Dhimal of the NHRC in Nepal said that no official alone can stop dengue as mosquitoes are found everywhere from garages to corners of houses which are beyond the reach of the government.
“Everyone should be aware and proactive and contribute their bit to control the spread of the vector,” he added.
Civil society and development organizations are also helping to combat the disease.
Sanjeev Kafle, head of the Bangladesh delegation of the International Red Cross, said it was helping to raise public awareness, purchase test kits and increase the availability of platelets used in blood transfusions to treat some patients.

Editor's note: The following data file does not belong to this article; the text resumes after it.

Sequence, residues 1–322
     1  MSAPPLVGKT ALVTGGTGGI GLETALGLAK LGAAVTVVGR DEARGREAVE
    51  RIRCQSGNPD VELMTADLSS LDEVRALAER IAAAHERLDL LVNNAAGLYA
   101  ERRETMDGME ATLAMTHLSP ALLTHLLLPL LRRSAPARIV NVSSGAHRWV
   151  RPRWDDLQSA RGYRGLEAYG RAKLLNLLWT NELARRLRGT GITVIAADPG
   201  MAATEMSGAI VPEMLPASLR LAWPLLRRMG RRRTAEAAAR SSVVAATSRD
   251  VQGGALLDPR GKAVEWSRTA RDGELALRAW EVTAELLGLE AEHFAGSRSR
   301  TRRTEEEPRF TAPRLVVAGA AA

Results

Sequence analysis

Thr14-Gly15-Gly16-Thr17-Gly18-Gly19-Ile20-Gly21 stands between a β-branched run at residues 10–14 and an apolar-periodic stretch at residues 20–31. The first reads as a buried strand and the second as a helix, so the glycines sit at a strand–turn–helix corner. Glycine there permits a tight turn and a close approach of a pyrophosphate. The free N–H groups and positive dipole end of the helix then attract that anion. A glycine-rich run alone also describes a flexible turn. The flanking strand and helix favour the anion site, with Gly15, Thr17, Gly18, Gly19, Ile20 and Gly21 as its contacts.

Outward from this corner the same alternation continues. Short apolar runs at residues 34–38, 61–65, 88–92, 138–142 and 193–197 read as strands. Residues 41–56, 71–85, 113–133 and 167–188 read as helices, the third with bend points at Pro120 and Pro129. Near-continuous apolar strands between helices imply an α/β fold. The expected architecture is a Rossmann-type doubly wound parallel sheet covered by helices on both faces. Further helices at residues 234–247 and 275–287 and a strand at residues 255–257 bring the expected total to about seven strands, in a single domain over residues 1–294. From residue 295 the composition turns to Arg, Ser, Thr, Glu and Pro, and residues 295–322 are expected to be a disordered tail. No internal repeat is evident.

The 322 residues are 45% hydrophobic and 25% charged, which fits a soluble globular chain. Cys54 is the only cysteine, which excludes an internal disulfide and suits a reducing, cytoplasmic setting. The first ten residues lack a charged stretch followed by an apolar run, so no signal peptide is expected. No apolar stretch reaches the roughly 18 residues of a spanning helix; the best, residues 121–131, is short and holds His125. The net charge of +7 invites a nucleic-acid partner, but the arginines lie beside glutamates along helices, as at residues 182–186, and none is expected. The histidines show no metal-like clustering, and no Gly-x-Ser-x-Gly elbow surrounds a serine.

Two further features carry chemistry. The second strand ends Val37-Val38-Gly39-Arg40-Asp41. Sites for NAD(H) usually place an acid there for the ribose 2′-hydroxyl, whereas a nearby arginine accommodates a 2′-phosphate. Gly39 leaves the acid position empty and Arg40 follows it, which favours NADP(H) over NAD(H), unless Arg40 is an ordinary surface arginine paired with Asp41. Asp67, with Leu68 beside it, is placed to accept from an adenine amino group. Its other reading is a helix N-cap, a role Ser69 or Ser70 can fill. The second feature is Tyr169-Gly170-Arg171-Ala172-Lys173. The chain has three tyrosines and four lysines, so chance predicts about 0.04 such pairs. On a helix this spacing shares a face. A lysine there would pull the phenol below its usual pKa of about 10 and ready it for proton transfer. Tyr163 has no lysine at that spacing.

Yet when it comes to obesity treatment, ordinary families face high costs. Researchers at Dhaka University’s Institute of Health Economics have warned that total medical expenses for dengue patients could exceed 10 billion taka ($91 million) this year, up from 4.5 billion taka ($41 million) in 2019.
Dhaka resident Akhtar Hussain spent 60,000 takas ($545) on private hospital care for his daughter Ayesha Tabassum Takwa, who eventually died of dengue last month at the age of 10.
Hussain broke down while talking about his love for learning Taqwa.
“Her books, notebooks… all are still on the reading table. (She) will never arrange new books,” he said. “(But) who can we blame and what is the point of talking about it?”